This is an ever/never issue.
Please check out the transformations one can make while keeping the same basic meanings.
- before ever doing something:
ever is indirectly related to never. Both are adverbs
The second one can be contrasted with: never doing something
- Before I ever do any work, I try to have fun.
- I never do any work before I try to have fun.
"Before ever writing Chapter One, he will etc."
is the same as:
"He will never write Chapter One before he does [whatever]
That should help you understand ever, the adverb.
The adverb ever can be used like this regardless of tense.
- Before ever studying at university, he played professional soccer.
- He never studied at university before playing professional soccer.
The point my answer is making is the transformation of: Before ever + verbING or verb phrase into subject + verb + never + before +verbING.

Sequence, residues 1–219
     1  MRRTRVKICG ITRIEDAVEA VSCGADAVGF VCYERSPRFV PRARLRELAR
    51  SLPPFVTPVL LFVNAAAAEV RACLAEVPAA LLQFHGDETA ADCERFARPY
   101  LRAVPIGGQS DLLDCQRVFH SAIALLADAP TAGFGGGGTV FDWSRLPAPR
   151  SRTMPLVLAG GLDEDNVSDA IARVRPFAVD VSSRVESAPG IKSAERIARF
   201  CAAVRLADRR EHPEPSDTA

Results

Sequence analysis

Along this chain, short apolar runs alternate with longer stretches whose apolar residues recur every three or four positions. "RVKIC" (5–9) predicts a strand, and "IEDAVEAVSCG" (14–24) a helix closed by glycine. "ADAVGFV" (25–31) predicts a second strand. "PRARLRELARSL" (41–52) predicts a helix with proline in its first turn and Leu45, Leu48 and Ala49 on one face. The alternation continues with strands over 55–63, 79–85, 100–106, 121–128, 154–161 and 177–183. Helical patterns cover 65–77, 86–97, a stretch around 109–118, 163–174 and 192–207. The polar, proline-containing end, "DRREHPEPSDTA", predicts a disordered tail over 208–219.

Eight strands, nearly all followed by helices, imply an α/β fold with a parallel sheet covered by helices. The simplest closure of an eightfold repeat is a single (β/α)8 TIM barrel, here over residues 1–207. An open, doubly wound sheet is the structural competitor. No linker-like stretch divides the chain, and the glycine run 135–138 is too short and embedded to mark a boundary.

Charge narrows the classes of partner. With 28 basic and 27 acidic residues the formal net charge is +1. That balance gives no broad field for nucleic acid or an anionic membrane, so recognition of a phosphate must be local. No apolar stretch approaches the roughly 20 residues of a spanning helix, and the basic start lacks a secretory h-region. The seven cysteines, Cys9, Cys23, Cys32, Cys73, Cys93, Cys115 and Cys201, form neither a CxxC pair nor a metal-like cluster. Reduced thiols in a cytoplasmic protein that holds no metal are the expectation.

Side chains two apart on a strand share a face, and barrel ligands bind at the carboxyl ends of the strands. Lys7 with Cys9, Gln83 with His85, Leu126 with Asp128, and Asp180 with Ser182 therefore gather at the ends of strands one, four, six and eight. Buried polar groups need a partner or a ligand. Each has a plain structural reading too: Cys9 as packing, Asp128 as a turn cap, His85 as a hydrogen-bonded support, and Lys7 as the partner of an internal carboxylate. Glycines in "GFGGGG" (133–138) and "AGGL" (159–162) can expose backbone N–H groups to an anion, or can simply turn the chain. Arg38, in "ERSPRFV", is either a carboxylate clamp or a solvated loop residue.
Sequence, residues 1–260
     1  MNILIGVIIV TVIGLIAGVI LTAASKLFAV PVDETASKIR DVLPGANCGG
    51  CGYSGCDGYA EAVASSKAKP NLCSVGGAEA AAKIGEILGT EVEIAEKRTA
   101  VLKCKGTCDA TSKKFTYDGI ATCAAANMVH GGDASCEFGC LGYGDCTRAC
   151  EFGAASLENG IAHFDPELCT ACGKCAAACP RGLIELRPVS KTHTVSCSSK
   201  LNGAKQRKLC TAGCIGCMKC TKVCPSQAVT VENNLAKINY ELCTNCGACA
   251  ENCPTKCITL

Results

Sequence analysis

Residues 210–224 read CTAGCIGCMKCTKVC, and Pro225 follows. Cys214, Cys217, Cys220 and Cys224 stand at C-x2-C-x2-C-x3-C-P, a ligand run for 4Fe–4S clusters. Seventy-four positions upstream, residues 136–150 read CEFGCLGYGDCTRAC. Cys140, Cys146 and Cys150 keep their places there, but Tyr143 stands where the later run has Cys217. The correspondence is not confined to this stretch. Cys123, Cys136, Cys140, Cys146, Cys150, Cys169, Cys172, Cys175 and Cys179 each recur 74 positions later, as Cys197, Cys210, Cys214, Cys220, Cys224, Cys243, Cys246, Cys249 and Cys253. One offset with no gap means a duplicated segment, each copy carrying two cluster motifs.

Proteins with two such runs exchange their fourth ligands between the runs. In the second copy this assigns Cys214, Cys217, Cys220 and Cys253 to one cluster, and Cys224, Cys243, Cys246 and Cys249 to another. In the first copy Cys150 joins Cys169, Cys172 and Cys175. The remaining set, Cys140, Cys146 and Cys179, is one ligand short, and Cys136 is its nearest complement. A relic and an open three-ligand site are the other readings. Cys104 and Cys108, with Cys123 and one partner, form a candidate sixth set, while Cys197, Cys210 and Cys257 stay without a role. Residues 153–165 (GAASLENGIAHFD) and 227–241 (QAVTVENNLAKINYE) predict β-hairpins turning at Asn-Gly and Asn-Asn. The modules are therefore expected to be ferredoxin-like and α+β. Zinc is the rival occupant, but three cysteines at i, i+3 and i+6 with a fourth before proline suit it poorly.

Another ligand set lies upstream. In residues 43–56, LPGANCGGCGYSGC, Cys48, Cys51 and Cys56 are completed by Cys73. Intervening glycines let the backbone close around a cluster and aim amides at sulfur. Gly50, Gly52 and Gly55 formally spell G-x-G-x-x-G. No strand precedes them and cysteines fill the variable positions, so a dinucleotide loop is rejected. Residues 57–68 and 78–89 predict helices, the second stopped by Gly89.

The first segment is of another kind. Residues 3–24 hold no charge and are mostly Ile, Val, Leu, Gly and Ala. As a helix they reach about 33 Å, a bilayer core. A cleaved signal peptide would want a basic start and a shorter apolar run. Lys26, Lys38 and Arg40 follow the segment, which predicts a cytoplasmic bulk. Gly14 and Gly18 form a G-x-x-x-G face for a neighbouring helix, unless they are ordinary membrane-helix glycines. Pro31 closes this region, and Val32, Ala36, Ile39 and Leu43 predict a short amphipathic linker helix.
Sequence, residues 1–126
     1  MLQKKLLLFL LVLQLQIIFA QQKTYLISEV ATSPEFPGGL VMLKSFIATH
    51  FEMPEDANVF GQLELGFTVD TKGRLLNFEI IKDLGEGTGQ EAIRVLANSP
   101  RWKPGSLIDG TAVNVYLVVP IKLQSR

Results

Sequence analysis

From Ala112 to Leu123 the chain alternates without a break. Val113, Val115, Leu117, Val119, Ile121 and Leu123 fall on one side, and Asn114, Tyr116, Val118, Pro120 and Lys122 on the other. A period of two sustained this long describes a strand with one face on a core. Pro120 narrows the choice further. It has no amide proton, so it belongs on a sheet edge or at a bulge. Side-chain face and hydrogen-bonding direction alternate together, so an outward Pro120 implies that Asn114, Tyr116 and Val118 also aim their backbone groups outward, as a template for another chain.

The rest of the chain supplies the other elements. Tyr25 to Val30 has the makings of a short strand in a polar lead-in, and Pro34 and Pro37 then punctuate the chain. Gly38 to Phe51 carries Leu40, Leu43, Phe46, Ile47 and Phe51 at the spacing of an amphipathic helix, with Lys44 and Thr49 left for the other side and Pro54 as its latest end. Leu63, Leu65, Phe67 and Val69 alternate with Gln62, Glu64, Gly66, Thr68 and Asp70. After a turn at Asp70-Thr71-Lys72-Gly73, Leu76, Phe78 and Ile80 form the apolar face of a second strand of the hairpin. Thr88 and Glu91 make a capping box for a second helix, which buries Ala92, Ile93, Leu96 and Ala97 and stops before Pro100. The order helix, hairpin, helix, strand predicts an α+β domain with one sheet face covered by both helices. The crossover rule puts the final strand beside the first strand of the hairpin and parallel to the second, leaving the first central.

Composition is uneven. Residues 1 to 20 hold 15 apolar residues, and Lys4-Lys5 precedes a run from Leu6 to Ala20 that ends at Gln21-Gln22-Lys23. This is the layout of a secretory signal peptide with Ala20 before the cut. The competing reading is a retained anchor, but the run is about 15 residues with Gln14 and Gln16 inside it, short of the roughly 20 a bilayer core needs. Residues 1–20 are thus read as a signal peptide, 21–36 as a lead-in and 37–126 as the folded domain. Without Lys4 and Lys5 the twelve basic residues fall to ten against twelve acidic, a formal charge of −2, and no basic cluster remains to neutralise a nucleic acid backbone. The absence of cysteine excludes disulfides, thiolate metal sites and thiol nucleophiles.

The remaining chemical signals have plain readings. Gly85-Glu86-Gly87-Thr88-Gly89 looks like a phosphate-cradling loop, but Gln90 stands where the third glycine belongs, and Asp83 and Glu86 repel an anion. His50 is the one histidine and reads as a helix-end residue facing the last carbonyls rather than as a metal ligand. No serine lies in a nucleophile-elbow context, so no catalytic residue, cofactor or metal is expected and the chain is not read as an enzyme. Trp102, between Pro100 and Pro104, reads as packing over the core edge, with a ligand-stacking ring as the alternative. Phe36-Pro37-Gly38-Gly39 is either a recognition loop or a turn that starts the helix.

Before ever giving the dog a bath, I clean the house.
I never give the dog a bath before I clean the house. [a general statement]
It's easier to grasp using never/ever in the simple present as a general statement about something. That is basic usage that ELLers usually learn in a first-year English course, along with the other common adverbs of frequency: sometimes and always. Of course, there are many more as well.
Ever and never are related to each other:
- Do you ever go out after dark?
- No, I never go out after dark?